Wednesday, April 23, 2008

This is a little too close on the heels of the previous one, but as I was about to scrap the idea, it occured to me that there is a common thread here. These are all songs I was irritated with the first time around!

1) Ween, "Polka Dot Tail". After the dreamy title track from The Mollusk, I really wasn't in a mood to hear a slow, ambling piece with nonsense lyrics. I was quite surprised then when I started recalling this at odd moments, a sign that it was doing something right. I think the hallmark of quality here at the two solos, which, like quite a few of the tracks on The Mollusk, are wise. They don't give particular meaning to the words that surround it, but they manage to strip them of incongruity. You cannot hear this and take seriously any remarks that they are just a parody band.

2) Mamas And Papas, "I Call Your Name". The generic-blues piano progression at the beginning irritated straight away; I wanted harmonies, especially since this is after "Got A Feelin'". It took an old friend's recommendation for me to try it again, and as it happens, I saw the magic that somehow just passed me by the first few times. This is some tight stuff, and the flow is effortless. It is very interesting to hear Lennon's rawer original after this, as it demonstrates that it is a genuine reinterpretation, rather than mere dressing up with the M&P's pretty voices. I imagine that this is what Christgau refers to when he talks of the M&Ps having recorded one of the greatest Beatles covers ever.

3) Nick Cave, "Lyre Of Orpheus". Let's see if I can end these lists with Cave every time. With "Hiding All Away", I changed my mind about it midway through the song, but with "Orpheus", it was only a few weeks ago. It was certainly brave of Cave to write something like this: slow, lots of repetition, and most of all really "dangerous" rhymes (such as the well being very deep, very deep being the well, etc.). It indicates an immense amount of confidence in his songwriting, certainly, and on that level alone it is satisfying for me. But with time, it does start to resonate; though I haven't yet put it in the context of the whole album, I have started to feel that elements I thought were simply overcooked are in fact rather cleverly done. An educational piece of songwriting is the best way I can put it.

Sunday, April 20, 2008

I saw her again, was not a body that I recognized.

Saturday, April 12, 2008

I don't enjoy being stuck with company that make me feel superior about myself. Drunken revelry is not for me, I'm afraid. It isn't the uninhibited nature of what follows that disappoints, but rather the displays of what the group considers to be funny and appropriate for the situation; juvenile, which I'm often ready for, but crass in a manner that just makes me cringe. I usually take to pondering weighty matters to shy away from the awkwardness that I feel: it's not far from there to start feeling high and mighty about onesself. But such feelings are far overshadowed by the ineffectuality, the sadness of the whole thing. Consequently, the night's proceedings inevitably end up as a blog post which does even less for the confidence.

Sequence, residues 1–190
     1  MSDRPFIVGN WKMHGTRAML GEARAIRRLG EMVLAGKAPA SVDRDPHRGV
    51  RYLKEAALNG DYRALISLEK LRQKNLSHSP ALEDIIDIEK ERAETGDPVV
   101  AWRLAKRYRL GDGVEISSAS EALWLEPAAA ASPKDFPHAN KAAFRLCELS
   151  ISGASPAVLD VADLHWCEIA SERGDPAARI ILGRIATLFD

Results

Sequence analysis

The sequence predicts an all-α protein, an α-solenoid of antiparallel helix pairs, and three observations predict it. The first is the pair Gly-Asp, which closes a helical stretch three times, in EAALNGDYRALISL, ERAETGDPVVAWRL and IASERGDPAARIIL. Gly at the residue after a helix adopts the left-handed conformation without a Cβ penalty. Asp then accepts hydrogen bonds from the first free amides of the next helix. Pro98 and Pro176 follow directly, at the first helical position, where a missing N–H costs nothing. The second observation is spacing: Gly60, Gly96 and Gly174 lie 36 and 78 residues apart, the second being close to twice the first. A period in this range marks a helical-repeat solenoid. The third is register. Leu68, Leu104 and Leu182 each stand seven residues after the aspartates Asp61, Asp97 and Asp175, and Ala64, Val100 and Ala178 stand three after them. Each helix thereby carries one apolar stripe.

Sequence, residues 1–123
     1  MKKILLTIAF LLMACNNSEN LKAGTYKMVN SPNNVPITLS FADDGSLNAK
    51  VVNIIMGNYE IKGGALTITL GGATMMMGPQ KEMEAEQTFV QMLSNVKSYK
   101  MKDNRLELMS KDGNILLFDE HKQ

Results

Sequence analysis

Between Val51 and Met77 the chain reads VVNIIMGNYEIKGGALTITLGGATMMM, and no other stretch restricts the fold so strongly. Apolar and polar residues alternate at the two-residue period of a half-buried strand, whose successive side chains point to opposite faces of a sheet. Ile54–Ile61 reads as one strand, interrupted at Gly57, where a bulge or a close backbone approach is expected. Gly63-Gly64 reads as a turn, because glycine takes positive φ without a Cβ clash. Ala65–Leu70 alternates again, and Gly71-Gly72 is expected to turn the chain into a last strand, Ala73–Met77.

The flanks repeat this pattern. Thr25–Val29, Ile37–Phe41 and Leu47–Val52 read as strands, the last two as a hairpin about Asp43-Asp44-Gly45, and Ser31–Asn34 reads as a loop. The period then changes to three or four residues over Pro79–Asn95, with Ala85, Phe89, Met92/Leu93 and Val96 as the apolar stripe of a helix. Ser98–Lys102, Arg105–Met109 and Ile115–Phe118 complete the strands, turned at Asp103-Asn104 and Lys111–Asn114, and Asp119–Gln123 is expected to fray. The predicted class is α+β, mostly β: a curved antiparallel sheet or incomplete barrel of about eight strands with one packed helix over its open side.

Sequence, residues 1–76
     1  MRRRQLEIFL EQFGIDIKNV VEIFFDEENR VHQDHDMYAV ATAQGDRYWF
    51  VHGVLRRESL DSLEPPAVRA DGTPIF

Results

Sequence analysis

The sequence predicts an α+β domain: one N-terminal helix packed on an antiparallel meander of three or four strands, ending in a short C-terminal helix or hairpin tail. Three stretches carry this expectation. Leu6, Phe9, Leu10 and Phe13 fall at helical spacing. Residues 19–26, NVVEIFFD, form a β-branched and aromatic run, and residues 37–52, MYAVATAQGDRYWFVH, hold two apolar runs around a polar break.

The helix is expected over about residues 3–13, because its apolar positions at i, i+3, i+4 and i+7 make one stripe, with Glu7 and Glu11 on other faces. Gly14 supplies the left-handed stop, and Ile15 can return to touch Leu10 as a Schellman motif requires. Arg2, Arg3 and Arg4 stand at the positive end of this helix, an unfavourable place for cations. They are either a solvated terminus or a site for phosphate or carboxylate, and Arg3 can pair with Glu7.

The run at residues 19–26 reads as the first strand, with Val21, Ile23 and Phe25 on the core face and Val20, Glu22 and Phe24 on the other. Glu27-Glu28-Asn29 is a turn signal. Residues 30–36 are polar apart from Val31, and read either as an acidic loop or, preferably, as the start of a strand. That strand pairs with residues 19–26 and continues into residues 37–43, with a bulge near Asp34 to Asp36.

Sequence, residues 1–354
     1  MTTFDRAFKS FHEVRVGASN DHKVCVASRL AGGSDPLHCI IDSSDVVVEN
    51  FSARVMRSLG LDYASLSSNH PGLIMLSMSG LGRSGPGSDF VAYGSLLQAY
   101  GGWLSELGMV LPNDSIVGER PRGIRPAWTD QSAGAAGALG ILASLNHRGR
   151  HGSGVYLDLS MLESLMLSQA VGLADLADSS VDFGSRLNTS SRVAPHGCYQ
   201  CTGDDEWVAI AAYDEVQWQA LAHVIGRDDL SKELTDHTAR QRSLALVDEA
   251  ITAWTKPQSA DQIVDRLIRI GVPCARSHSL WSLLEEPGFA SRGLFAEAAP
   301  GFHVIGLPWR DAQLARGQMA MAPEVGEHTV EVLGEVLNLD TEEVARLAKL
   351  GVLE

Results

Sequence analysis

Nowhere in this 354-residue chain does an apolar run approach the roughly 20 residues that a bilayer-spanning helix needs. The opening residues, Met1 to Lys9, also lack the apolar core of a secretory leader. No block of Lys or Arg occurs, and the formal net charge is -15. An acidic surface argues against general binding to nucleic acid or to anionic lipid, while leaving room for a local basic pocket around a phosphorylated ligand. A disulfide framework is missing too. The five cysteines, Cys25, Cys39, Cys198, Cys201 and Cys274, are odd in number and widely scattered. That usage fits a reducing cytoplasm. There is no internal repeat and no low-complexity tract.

Monday, April 07, 2008

I had a rare experience of shared listening recently, which is something that has never really come up in the past. This has been not only due to taste mismatches, but also due to personal preference. It was interesting to observe how different things are when it isn't just me carefully listening and "considering" on headphones. The songs seem different somehow, and no longer the personal items that exist only in my head. It is proof, I suppose, of their existence!

It also allowed for acts that seem plucked from movies - "Tell me if you like this...". When such spur of the moment recommendations are met by a receptive audience, what bliss! I attribute it to the joy in seeing fantasy coming to life.
I'm not really as well versed with the early Beatles records as I ought to be. As a result, two new discoveries I have made about "influences" that seem apparent to me (both Lennon tunes, incidentally):

1) The descending melody on "You Can't Do That" sounded so utterly familiar when I heard it recently, and it struck me that what it was reminding me of was none other than..."Light My Fire"! To think that I offhandly remarked once that I wasn't all that upset about the Doors borrowing from the Kinks for "Hello I Love You", but that a similar discovery for their signature tune would be far more serious...

2) The guitar on "I Call Your Name" seems to have been transformed to the bassline for Paul Simon's "Kodachrome"!